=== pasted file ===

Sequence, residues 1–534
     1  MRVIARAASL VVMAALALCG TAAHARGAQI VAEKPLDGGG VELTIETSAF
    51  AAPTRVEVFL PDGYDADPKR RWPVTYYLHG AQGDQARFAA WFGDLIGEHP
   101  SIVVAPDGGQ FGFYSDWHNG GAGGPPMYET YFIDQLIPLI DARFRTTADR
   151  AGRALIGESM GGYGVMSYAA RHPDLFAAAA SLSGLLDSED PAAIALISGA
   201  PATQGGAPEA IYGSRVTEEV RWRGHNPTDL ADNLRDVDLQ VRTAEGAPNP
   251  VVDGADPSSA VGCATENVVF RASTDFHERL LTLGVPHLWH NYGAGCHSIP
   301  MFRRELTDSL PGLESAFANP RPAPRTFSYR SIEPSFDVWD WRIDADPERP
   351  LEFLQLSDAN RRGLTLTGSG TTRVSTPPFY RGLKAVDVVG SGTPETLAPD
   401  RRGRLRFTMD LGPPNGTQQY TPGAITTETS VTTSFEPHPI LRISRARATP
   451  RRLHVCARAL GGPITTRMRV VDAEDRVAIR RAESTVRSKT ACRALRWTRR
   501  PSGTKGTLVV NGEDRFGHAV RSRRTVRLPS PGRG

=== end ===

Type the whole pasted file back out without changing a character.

Sequence, residues 1–534
     1  MRVIARAASL VVMAALALCG TAAHARGAQI VAEKPLDGGG VELTIETSAF
    51  AAPTRVEVFL PDGYDADPKR RWPVTYYLHG AQGDQARFAA WFGDLIGEHP
   101  SIVVAPDGGQ FGFYSDWHNG GAGGPPMYET YFIDQLIPLI DARFRTTADR
   151  AGRALIGESM GGYGVMSYAA RHPDLFAAAA SLSGLLDSED PAAIALISGA
   201  PATQGGAPEA IYGSRVTEEV RWRGHNPTDL ADNLRDVDLQ VRTAEGAPNP
   251  VVDGADPSSA VGCATENVVF RASTDFHERL LTLGVPHLWH NYGAGCHSIP
   301  MFRRELTDSL PGLESAFANP RPAPRTFSYR SIEPSFDVWD WRIDADPERP
   351  LEFLQLSDAN RRGLTLTGSG TTRVSTPPFY RGLKAVDVVG SGTPETLAPD
   401  RRGRLRFTMD LGPPNGTQQY TPGAITTETS VTTSFEPHPI LRISRARATP
   451  RRLHVCARAL GGPITTRMRV VDAEDRVAIR RAESTVRSKT ACRALRWTRR
   501  PSGTKGTLVV NGEDRFGHAV RSRRTVRLPS PGRG